Lease Signing and Renewal
The completed Lease/Commencement of Occupancy Notice should be provided to new tenants with the lease (and at renewal), along with the Lead Paint Hazards in the Home pamphlet.
If requested by the tenant, owners should also provide documentation of turnover requirements. HPD has created a form to assist with recording turnover vacancy compliance.
Annual Lead Notice
Building owners must distribute an annual lead notice between January 1-15 to all tenants in pre-1960 multiple dwellings, or in dwellings built between 1960 and 1978, where the owner knows lead-based paint exists. (This notice may be combined with the annual window guard notice.)
- Owners must provide duplicate notices in at least English and Spanish so tenants can keep one copy and return one copy.
- In addition, property owners need to keep returned notices for their records.
- If tenants do not return the completed notice by February 15, owners must perform inspections between February 16 and March to determine whether a child under six lives or routinely spends more than 10 hours in the unit. Owners should document all attempts to contact the tenant to conduct such investigations.
- If owners do not receive the completed notice and cannot determine through inspection whether a child under six lives in the unit, they must notify DOHMH in writing. Such notifications should be mailed to Department of Health and Mental Hygiene – Healthy Homes, 125 Worth Street, Sixth Floor, CN58, New York, NY 10013.
- HPD offers Sample Forms for Delivery of Annual Notice Compliance to help owners document the above process.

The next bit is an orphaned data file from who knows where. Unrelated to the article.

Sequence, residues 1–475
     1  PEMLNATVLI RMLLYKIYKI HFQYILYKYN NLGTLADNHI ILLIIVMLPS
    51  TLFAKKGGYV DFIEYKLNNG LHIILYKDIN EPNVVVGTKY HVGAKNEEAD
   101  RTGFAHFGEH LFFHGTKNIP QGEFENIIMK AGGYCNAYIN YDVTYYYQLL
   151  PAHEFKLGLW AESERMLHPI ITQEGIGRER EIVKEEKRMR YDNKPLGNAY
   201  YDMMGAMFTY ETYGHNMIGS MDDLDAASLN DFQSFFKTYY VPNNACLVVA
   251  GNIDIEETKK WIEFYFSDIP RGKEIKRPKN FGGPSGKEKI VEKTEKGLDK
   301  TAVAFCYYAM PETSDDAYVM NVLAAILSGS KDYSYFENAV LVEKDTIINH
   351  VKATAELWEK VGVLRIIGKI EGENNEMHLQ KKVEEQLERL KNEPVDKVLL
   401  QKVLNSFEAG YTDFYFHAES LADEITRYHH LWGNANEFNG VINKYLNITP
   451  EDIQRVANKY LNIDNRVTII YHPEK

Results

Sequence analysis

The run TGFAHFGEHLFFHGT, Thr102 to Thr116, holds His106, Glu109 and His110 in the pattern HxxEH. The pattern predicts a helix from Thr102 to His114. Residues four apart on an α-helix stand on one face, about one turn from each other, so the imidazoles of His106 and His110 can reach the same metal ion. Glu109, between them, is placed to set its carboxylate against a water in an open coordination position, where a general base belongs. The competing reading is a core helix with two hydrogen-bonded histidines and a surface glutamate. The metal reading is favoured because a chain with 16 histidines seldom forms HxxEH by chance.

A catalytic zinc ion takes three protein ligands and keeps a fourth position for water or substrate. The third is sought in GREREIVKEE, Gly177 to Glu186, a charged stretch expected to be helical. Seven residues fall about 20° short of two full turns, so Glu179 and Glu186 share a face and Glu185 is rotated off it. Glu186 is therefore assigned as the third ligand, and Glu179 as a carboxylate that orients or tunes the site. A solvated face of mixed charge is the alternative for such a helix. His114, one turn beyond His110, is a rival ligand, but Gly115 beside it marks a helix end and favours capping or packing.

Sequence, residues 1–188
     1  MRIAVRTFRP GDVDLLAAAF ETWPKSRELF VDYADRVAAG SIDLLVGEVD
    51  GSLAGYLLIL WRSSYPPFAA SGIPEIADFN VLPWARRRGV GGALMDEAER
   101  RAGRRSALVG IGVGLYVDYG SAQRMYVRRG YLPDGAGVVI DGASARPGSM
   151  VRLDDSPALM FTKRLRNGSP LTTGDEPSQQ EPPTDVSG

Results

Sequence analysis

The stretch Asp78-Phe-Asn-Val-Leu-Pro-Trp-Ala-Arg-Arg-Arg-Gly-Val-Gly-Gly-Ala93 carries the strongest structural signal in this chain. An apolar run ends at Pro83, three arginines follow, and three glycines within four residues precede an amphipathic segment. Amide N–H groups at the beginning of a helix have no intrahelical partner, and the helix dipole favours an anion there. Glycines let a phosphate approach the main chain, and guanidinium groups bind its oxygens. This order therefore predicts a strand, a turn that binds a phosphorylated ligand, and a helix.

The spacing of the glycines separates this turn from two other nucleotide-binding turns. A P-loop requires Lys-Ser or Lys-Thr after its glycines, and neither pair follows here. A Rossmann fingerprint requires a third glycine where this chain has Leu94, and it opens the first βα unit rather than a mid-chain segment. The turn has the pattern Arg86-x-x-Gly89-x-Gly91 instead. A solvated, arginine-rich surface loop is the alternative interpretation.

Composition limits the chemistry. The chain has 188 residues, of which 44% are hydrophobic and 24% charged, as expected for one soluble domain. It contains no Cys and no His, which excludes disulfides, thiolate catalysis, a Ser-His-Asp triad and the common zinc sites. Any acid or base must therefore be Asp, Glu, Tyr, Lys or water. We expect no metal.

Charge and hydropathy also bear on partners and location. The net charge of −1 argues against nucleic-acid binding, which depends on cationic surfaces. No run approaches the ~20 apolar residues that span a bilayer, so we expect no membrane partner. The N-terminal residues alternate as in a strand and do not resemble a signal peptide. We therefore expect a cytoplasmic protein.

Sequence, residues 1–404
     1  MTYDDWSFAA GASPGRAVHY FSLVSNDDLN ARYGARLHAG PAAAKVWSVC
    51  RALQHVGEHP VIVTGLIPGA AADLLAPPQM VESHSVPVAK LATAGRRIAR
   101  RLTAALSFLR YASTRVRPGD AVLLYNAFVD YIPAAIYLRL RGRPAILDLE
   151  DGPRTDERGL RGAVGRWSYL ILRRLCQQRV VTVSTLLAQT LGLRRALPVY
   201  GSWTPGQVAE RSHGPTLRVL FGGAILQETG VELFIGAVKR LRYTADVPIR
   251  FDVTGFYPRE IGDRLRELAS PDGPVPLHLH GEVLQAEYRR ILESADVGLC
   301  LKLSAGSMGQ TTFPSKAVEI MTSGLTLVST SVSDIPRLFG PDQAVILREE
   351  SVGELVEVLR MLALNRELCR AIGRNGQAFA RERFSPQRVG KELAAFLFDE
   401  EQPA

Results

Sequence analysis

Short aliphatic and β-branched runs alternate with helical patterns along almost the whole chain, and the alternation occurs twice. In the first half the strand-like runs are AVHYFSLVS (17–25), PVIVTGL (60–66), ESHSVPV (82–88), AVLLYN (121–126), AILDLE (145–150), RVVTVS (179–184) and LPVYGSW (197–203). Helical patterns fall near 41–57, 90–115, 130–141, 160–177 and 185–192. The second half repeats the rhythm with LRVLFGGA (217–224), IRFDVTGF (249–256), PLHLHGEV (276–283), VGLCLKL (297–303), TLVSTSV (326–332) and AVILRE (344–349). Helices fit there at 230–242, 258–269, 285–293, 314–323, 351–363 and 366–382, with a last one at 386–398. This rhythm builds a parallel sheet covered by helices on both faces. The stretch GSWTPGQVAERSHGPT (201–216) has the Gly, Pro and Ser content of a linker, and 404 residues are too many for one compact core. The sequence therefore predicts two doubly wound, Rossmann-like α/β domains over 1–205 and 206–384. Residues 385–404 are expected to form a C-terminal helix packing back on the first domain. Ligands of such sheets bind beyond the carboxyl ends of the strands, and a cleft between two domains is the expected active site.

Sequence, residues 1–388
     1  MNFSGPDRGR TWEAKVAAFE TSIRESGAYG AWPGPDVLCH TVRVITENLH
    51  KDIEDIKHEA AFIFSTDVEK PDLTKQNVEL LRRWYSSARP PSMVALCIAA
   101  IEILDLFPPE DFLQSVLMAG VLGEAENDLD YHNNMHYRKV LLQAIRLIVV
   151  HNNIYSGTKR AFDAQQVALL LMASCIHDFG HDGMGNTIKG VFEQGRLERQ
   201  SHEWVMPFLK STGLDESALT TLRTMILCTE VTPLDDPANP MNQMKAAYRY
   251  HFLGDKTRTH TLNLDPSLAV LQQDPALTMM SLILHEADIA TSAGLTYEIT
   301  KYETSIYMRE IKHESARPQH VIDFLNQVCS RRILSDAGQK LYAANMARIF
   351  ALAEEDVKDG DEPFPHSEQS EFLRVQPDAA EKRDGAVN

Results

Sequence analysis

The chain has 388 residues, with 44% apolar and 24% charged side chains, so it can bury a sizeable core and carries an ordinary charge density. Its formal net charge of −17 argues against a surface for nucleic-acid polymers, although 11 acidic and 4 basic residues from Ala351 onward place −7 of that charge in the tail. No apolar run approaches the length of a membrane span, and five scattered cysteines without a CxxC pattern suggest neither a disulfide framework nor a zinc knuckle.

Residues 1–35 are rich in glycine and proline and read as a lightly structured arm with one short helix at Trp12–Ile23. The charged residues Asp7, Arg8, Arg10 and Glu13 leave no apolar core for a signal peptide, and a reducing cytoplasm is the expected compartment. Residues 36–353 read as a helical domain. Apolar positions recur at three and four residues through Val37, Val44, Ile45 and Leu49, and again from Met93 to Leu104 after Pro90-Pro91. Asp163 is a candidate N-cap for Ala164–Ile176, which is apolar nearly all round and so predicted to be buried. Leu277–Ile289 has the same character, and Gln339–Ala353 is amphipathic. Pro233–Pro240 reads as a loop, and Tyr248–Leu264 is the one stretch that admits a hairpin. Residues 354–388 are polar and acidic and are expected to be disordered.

5-Year Testing Requirement (Local Law 31 of 2020)
Local Law 31 of 2020, which went into effect on August 9, 2020, requires building owners to use an Environmental Protection Agency (EPA)-certified inspector or risk assessor to test for lead-based paint in a dwelling unit of a building built before 1960. This requirement also applies to rental buildings constructed between 1960 and 1978 if the owner knows that lead-based paint is present.
Such inspections must take place within five years of the law’s effective date—by August 9, 2025—or within one year if a child under age six either lives, or routinely spends a minimum of 10 hours per week, in the dwelling unit.
Safe Work Practices
If repair work will disturb more than two square feet of lead-based paint—or paint of an unknown lead content—property owners must follow and document safe work practices for all repair work in a building common area or unit where a child under age six resides.
- Contractors must be certified by the U.S. Environmental Protection Agency (EPA). The level of certification increases if the work:
- Exceeds 100 square feet
- Requires removing two or more windows
- Responds to a violation
- Is specifically for abatement
- If the repair work does not meet these stricter requirements, contractors must have EPA certification for Renovation, Repair and Painting, or RRP. This certification requirement includes plumbers, electricians, carpenters, etc., performing any work that would disturb paint.
- Upon completion of work, an EPA-certified Lead Inspector or Risk Assessor must take dust samples to confirm the area is free of lead-contaminated dust, according to the thresholds set by Local Law 1 and HPD.
- Owners must retain copies of the following:
- Firm and worker certificates for repair work and dust samples
- Results of dust samples
- Invoices or documentation
HPD offers the Sample Form for Safe Work Practices Compliance to assist owners with Local Law 1 documentation requirements.
Building owners can hire qualified companies to perform testing and determine whether lead-based paint is present in their buildings. If lead-based paint is present, owners can take proactive steps to reduce the associated liability and apply for exemption from certain provisions of the law.
For additional information on these requirements, visit the HPD website.